Saving energy with ICT
This website has been developed as part of a European project called smartspaces. The project aims to save energy in public buildings using ICT. It is a collaboration between eleven pilot sites in eleven cities across Europe. The Leicester pilot site is a partnership between Leicester City Council and De Montfort University and this website is part of our solution.
The website provides a simple, user-friendly view of energy performance across the smartspaces buildings. Performance is visualised as a simple scale of smiley or not so smiley faces. Good performance is reflected as a happy, green face. Poor performance is reflected as a sad, red face. Yellow faces represent neutral performance.
The website is composed of three main pages. The home page shows a simple overview of multiple buildings as a league table of performance averaged over a week. The building overview page provides a bit more detail, performance is shown for each day of the week. The building detail page provides a more advanced half-hourly breakdown of performance.
The home page
The home page can be found at http://smartspaces.dmu.ac.uk/ and can be reached from anywhere in the application by clicking on the logo in the top left corner. It provides a simple league table of buildings where each building is listed in order of performance as calculated based on the lastest complete seven-day period.
From this simple table it is possible to identify at a glance:
- Which buildings are performing well
- Which buildings are performing poorly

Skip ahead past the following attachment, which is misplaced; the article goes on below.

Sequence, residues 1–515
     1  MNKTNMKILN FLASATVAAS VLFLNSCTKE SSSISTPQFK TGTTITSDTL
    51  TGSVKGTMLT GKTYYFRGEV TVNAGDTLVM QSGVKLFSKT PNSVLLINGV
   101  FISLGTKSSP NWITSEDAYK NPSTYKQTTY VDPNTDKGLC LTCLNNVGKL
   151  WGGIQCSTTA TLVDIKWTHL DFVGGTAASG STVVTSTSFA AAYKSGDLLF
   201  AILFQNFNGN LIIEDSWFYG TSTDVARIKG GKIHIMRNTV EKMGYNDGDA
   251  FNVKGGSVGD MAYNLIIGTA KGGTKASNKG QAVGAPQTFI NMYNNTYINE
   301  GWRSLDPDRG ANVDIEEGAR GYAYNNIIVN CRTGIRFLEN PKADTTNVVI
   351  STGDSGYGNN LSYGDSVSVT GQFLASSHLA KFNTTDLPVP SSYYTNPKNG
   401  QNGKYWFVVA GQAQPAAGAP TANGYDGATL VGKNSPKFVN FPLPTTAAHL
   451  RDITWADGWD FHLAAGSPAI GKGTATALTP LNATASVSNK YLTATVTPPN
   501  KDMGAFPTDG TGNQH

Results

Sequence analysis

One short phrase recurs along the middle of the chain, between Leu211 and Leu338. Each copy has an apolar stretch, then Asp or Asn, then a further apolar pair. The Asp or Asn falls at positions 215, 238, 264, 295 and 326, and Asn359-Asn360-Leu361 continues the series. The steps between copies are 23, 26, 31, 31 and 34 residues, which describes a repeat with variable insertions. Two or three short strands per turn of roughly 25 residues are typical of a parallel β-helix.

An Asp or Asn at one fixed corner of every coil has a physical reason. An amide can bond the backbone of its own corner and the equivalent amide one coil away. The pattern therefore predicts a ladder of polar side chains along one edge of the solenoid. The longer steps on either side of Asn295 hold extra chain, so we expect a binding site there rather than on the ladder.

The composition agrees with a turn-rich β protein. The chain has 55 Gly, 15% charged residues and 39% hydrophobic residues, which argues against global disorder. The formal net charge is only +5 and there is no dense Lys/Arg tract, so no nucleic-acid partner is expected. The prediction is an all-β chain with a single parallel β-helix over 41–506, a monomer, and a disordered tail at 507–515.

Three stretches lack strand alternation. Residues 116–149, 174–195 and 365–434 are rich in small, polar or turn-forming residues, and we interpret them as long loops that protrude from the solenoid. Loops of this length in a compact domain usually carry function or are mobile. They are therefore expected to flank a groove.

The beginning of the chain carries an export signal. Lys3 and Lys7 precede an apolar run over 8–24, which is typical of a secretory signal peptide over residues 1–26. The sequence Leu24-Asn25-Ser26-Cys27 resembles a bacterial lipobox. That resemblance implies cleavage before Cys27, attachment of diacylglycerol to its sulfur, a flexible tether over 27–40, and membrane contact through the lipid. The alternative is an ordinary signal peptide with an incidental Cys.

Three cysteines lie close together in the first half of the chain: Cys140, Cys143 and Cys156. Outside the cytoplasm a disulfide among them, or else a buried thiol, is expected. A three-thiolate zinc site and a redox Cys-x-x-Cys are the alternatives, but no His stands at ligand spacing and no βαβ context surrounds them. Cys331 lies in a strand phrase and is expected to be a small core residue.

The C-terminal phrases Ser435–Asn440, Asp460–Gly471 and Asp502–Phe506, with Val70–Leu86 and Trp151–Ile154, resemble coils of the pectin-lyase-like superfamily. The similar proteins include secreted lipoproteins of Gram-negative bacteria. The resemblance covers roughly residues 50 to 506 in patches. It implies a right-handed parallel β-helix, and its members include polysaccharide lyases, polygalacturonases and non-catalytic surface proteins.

- How any particular building is performing
- Which utilities (gas, electricity, water) are contributing to the performance in each building.
The building overview page
The building overview page can be found at http://smartspaces.dmu.ac.uk/building_1 and can be reached by clicking on any building listed on the home page. It provides a daily breakdown of performance over the last seven complete days.
The daily breakdown is useful for identifying the onset of changes in performance and shows problems or improvements more quickly than the home page.
The building detail page
The final page is the building detail page, it can be found at http://smartspaces.dmu.ac.uk/building_1/detail and can be reached from the building overview page by clicking on the 'details' tab. The building detail page provides a more technical view of the available data. Half-hourly consumption data are presented as as line chart covering initially one week of consumption (the latest available data). Three zones of expected consumption are also shown.
- The red zone represents 'high' consumption.
- The yellow zone represents 'normal' consumption.
- The green zone represents 'low' consumption.
This figure provides an overview of performance. It can be interpreted by observing where actual consumption relative to the baseline period as indicated by the coloured zones. Typically the consumption pattern is very clear, following a weekly cycle related to occupancy in line with the baseline.
This demonstrates the approach taken in this project. Consumption in a building is never compared to that in another building. The zones are calculated from the last 365 days of consumption data for the same building. The target is always to reduce wastage and this is indicated by a reduction in consumption levels compared to the baseline period.
Feedback for continuous improvement
The data underpinning this website are energy and water consumption values and outside air temperature readings recorded at half hourly intervals. These data are combined to generate a performance indicator that compares consumption in the current half hour to expected consumption levels. As mentioned above, expected consumption is determined based on a 365-day baseline period. The baseline period used is updated every week so that new data are rolled into the baseline and older data are discarded. This approach leads to a system that continuously 'learns' the pattern of consumption.